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Avoid the Trap of College Credit Card Debt

Avoid the Trap of College Credit Card Debt
Daniel Cohen
UpdatedDec 1, 2010
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    4 min read
Key Takeaways:
  • Understand that if you don't pay your bill in full each month, your purchases cost more than the sticker price.
  • Pay your bills on time to avoid late fees and huge interest rate hikes.
  • Beware of credit card offers with a low 'teaser rate' that adjust to a much higher interest rate.

How to be a Below Average (in Debt) College Graduate.

If you are the average college student, you will graduate with a $2,000 credit card balance. If you only pay the minimum each month, that $2,000 could take 7 years to pay off and cost you $1,000 in interest.

Save yourself money by avoiding credit card debt, or by paying it off now, if you’ve already built up a balance.

Avoid College Student Credit Card Debt

Having a credit card is not a bad thing. It helps you build a positive credit history — if you use it wisely.

Don’t accept credit cards with interest rates above 16%. If the offer is 3% now, but 18% in six months, say no.

You should also look for a card with no annual fee. There are so many free cards out there, there’s no reason to pay for one. Also make sure you’re not required to carry a balance in order to get a free reward, like a computer or iPod. In that case, the computer isn’t free; you’re paying for it with interest on your other purchases.

If you already accepted a card with high interest or fees, pay it off or transfer the money to a low-interest, no-fee card and close the expensive account.

Use Credit Wisely

Use your credit card carefully. Before you buy something, ask yourself if you can afford to pay for it in full at the end of the month. If you can’t then wait to buy it.

Remember, even though it seems easy to charge things now, you will eventually have to pay for that purchase. At minimum wage, or a low starting wage after college, you have to work more than 23 hours to pay for a $200 cell phone plus interest.

It’s a good idea to have a credit card on hand for emergencies and necessities. Car repairs and groceries are necessities.

Pizza, movies, and concert tickets are not. If you earn enough to pay the bill for those fun things at the end of the month, then it’s okay to charge them (though it is never too early to start building an emergency fund).

Do Not Carry a Balance

According to a credit card myth, carrying a balance improves your credit score. This is not true. Carrying a balance attracts more credit card offers, and it costs you more money. Try to pay off your credit card every month.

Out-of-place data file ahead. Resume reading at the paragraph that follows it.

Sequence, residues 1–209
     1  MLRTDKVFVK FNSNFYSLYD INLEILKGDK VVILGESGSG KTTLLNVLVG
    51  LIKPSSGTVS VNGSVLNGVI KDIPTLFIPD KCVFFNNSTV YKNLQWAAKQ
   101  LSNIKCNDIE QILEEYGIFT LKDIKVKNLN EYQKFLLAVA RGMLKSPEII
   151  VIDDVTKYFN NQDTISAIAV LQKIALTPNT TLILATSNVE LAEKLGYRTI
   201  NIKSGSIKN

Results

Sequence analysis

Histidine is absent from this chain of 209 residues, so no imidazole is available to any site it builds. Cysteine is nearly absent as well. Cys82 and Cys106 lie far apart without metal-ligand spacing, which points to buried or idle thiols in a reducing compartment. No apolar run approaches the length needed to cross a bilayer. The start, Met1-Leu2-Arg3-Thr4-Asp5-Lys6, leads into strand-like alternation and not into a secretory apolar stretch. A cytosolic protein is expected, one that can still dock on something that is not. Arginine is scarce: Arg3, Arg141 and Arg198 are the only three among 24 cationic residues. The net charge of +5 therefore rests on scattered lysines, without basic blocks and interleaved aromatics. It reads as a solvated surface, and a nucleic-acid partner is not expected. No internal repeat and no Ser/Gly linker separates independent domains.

Pay Off Student Credit Card Debt

If you already accumulated debt, do not wait until you graduate to start paying it off. The sooner you start, the less money it will cost you in the end. Follow these tips to get out of debt faster:

  • Live within your means. The freedom to use a credit card is not a license to spend money. Don’t spend more than you can afford to spend, treating your credit card like free money. Remember that if you don’t pay your bill in full each month, the interest you are charged inflates the cost of what you bought. Consider whether the $50 purchase you make would be worth paying the $70 it will cost you, if you pay it over time.
  • Pay off the card with the highest interest rate first. If you have more than one card, the pay as much as you can on the card with the highest interest rate and only the required monthly minimum payment on the rest of your cards. When the first one is paid off, start paying more on the second one. If you don’t have a part-time job, get one so you can start paying your debts.
  • Don’t charge new purchases. If you can’t avoid the temptation to charge more, ask your parents to hold onto your cards. If you want to fit in with friends who have cards, get a debit card. It’s convenient and it won’t collect interest because the money is removed from you bank account right away.
  • Always pay on time. If you’re late, even by one day, your credit card company can increase your interest rate to 29% and charge you a hefty late fee. Your other credit card issuers can also boost your interest rate, even if you aren’t late paying them. Consider using an automatic bill paying system, paying your bills online through the creditor’s Web site or your bank’s Web site.
  • Ask for a lower interest rate.. Your credit card company wants to keep you as a customer. If you ask for a rate reduction, they might do it. While you’re on the phone, ask them to reduce your credit limit so you can’t charge anything else on the card.
  • Transfer your balances. If you have money to make payments and your card companies won’t reduce your rate, apply for a low-interest rate card and transfer your balances. Then pay off the card before the low-interest period runs out.

It is best to avoid student credit card debt, but if you already have it, do not wait to pay it off. The sooner you start working to get out from under your debts, the better your chances to leave college debt free, leaving you able to enjoy more of your money after college.